Aggressive driving has become a serious problem on our roadways. It is often caused by frustration, impatience and irritability. Drivers in this state of mind sometimes speed, follow other vehicles too closely, change lanes frequently or abruptly without signaling, pass on the shoulder or other unpaved areas next to the roadway, and in general drive recklessly or Aggressive driving can refer to any display of aggression by a driver. It is often used to describe more extreme acts of physical assault that result from disagreements between drivers.
This increase in incidents has resulted also in an increase in the number of people killed and injured by aggressive drivers is scary and there are more vehicles on the roads. Yet the number of miles of roadway has increased by only 1%. Also, people are busier. Time is at a premium, and road congestion causes frustration.
The exact number of motor vehicle crashes caused by aggressive drivers is unknown, and hostile manner without regard to the safety of others. They sometimes harass other motorists which can result in altercations on the roadway a dangerous situation.
Most behaviors associated with aggressive driving are illegal. They don’t believe there will be consequences to their actions.
Characteristics of aggressive drivers:
Express frustration. Drivers climb into the anonymity of an automobile and take out their frustrations on anybody at any time. Their emotions are high, and the concern for fellow motorists is low.
Speed. Going faster than the posted speed limit, being a “road racer,” going too fast for conditions, and weaving in and out of traffic are some examples of speeding.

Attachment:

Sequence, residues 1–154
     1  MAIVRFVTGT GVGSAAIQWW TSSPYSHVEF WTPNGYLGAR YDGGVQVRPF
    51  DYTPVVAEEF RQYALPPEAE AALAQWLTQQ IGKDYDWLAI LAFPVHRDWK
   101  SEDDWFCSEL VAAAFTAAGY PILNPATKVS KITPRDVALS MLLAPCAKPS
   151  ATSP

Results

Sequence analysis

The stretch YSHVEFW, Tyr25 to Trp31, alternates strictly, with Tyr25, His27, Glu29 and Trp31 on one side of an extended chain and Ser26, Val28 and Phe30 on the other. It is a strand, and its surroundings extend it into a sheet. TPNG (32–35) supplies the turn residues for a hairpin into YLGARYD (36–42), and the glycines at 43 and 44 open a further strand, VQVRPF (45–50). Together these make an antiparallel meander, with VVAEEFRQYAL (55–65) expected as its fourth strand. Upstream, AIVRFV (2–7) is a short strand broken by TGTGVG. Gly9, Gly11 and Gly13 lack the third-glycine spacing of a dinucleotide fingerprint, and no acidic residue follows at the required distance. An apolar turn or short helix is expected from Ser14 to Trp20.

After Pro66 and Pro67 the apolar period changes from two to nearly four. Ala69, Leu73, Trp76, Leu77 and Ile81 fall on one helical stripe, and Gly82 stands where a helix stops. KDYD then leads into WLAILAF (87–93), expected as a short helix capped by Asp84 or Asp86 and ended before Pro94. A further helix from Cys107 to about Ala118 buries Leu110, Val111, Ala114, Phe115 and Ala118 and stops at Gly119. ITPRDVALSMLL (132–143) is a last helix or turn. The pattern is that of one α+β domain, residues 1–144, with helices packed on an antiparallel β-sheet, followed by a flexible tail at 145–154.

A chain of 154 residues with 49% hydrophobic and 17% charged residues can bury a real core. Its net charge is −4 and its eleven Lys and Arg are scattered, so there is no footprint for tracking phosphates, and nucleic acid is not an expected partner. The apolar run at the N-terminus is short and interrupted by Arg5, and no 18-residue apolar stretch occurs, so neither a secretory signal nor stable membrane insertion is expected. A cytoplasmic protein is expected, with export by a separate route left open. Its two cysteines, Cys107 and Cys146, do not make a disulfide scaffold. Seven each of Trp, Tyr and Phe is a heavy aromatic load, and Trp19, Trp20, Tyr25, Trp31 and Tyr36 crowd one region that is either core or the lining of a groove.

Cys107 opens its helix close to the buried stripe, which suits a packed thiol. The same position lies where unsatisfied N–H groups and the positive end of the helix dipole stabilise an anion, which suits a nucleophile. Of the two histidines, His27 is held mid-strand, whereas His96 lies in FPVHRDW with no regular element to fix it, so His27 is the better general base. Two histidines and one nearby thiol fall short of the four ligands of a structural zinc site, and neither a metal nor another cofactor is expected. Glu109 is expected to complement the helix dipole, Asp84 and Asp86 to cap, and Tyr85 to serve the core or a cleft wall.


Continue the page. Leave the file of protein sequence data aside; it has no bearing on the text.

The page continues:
Lack attention to driving. Distractions from driving are a major cause of roadway crashes. Motorists are often seen eating, drinking, primping – yes, even shaving – as they drive. Some drivers make their automobiles a “home away from home,” with fax machines and laptop computers.
Rubberneck. Slowing down to look at an incident is a natural human reaction. But this behavior slows traffic, causes congestion, and may lead to another car crash.
Run red lights. Disregarding traffic controls is a leading cause of urban crashes.
DON’T BE AN AGGRESSIVE DRIVER
- Change your schedule so you do not have to drive during rush hours.
- If you’re running late, call ahead. Then relax.
- Don’t drive when you are angry, upset or overly tired.
- Get comfortable. Enjoy listening to music and avoid anything that might make you feel anxious.
- Practice good posture. Sit back In your seat, loosen your grip on the steering wheel and don’t clench your teeth.
- And remember, you never know what state of mind the drivers around you are in. Give others the benefit of the doubt; be polite, courteous, and forgiving.
HOW TO AVOID AGGRESSIVE DRIVING
Avoid to cut other drivers, and always give them room to merge into your lane. If you’re in the left lane and somebody wants to pass, move over and let him by. Allow at least a two-second gap between your car and the one ahead. Keep your hands on the wheel and avoid to make any gestures that might anger another driver.
Give angry drivers lots of room. Avoid eye contact with them. If you believe they’re trying to start a fight, get help call the police on your cellular phone or drive to a place with other people around. Try to get out of the vicinity of the aggressive driver.
Adjust your attitude
Forget winning don’t race the clock to get some place. Put yourself in the other driver’s shoes and don’t take erratic driving lessons behavior personally the other driver may be a volunteer fireman or physician responding to a call for help. If you think you have a problem, look for anger-management courses in your area.